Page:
The LWE-110 is a diode pumped actively (AOM) Q-switched laser with a typical CW output power of 50 or 100 mW, and variable repetition rate pulse 5-7 ns pulse output with internal or external triggering.
Here are photos of the LWE-110 laser head and older-style analog controller, and what's inside the laser head.
The LWE-122 is a diode pumped IR (1,064 nm) laser utilizing a monolithic Non-Planar Ring Oscillator (NPRO). This and other Lightwave lasers are extensively covered in Sam's Laser FAQ, in the chapter: Commercial Solid State Lasers. Unlike the LWE-142 (below), most of the electronics are in a seprate microprocessor-based controller and the laser head only has a personality EEPROM and possibly photodiode preamp. The laser head IS the optics box. The cover and connector PCB seals via rubber O-rings.
Apparently, the LWE-122 never caught on as very few appear to have ever been built. It was succeeded by the LWE-125/126, which is functionally similar but with the controller built into the laser head (like the LWE-142).
Here are photos of an LWE-122 system and what's inside the laser head.
The LWE-142 is a diode pumped green (532 nm) laser utilizing a monolithic Non-Planar Ring Oscillator (NPRO) with a resonant frequency doubler. This and other Lightwave lasers are extensively covered in Sam's Laser FAQ, in the chapter: Commercial Solid State Lasers.
Here are photos of what's in the optics box of an LWE-142 laser. This is a fairly late version with a serial number of 2,779 on the bottom of the optics box, and 4,723 scribbled in Magic Marker on the side. I do not know why they aren't the same. It is brand new but probably failed final test and integration. When I installed this optics box into a known working controller, there were sporadic flashes of green light, but it was unable to lock properly. This was traced to a weak crystal TEC. With the pump diode off, the crystal temperature could be adjusted using the internal trim-pot. But with the pump beam heating the NPRO crystal, the proper temperature could not be maintained by the firmware. Therefore, the finely choreographed alogorithm that ramps up temperature while monitoring output power had no chance of succeeding.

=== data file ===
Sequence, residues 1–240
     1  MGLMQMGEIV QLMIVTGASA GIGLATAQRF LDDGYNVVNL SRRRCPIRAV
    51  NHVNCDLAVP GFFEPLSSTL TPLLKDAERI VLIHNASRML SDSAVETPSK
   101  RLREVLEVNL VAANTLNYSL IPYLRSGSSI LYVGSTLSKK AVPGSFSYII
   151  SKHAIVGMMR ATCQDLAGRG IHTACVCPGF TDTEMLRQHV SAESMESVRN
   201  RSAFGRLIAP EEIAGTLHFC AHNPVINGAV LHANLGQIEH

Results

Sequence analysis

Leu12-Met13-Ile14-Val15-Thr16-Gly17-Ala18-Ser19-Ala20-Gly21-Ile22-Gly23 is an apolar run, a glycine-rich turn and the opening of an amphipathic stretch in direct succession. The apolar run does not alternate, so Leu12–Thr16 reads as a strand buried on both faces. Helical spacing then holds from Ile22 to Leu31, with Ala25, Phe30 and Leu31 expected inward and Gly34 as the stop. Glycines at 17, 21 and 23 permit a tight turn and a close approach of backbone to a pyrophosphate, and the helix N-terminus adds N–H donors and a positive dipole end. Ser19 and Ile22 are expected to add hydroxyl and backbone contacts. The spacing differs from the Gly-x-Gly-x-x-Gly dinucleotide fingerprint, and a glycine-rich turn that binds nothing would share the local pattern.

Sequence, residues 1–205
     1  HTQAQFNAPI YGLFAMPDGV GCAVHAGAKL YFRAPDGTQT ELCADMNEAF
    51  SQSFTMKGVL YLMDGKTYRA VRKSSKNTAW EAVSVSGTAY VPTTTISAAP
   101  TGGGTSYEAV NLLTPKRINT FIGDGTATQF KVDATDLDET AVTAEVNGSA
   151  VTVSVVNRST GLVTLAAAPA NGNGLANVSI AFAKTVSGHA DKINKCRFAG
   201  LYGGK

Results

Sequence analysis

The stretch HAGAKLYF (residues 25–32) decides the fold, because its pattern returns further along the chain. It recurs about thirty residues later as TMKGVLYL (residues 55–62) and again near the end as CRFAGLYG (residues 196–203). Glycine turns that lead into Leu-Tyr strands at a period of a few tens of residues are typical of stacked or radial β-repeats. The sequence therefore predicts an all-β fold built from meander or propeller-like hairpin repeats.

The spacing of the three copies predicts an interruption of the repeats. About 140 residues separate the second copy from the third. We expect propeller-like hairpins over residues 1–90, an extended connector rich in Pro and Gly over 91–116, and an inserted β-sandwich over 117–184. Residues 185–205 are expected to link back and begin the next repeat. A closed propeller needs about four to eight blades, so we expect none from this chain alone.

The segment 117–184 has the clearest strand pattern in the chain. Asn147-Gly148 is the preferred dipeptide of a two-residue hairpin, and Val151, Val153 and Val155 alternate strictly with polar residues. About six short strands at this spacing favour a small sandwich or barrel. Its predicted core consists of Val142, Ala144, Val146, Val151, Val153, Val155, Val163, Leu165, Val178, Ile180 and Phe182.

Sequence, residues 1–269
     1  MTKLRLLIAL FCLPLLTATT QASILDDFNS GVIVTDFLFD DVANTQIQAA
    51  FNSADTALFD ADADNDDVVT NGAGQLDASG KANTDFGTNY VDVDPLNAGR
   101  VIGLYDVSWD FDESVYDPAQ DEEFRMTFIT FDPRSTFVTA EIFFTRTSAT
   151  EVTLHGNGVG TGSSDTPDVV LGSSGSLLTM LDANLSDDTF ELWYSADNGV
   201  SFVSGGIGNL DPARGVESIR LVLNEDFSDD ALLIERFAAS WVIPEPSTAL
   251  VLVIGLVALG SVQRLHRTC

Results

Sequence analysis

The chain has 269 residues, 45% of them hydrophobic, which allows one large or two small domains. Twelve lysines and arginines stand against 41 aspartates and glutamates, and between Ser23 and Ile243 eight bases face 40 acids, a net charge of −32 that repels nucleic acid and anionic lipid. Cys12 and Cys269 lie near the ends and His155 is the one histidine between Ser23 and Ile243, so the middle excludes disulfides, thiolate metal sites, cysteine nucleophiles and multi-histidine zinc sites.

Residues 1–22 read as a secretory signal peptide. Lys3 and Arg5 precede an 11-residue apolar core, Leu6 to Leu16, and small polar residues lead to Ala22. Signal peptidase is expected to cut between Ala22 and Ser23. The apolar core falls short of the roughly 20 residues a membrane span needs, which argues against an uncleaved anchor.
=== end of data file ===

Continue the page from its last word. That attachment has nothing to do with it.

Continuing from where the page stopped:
Here are photos of what's in the optics box of an early version of the Lightwave Electronics model 142 laser. This one has a serial number of 233.
The LWE-246 is a diode pumped green (532 nm) laser utilizing a laser head called the "Halfnote", apparently developed for the Alcon OPHTHALAS™ 532 EYELITE ophthalmic laser. Is utilized a side-pumped Nd:YAG rod in a rather overly complex and long (optics-wise) resonator. Information and photos of this laser engine can be found at LaserPointerForums Thread on Lightware Electronics Halfnote Laser. It is speculated that LWE had an excess of these lasers available after the Alcon contract terminated and the LWE-246 was the result. :) The label on the heat-sink says "Alcon" and there is no label on the laser head itself. This unit has serial number 0101 and I'll bet you any number of flying pigs that they didn't produce 101 of these. ;-) So, it may be a prototype. At the present time, there is no evidence that any others were ever built. And, there are no laser safety stickers anywhere to be found! So the LWE-246 couldn't have been a legitimate product.
This unit is a bit weak if it was supposed to be rated 2.5 watts. And the 1.8 W shown on the meter was only achieved after realigning the KTP doubler and HR mirror behind it, possibly masking an alignment problem elsewhere. But so be it. There were two RMA stickers inside (which have subsequently fallen off) indicating that it might not have been exactly healthy, but it is not known whether any repairs were done. In any case, to do a full alignment of the laser resonator consisting of five mirrors and the KTP is not going to happen. :)
Sorry, no photos of the clothed laser - it has a boring beige cover with ventilation slots on both sides. :-)
There is much more information on these Lightwave Electronics lasers in Sam's Laser FAQ, in the chapter: Commercial Stabilized HeNe Lasers.
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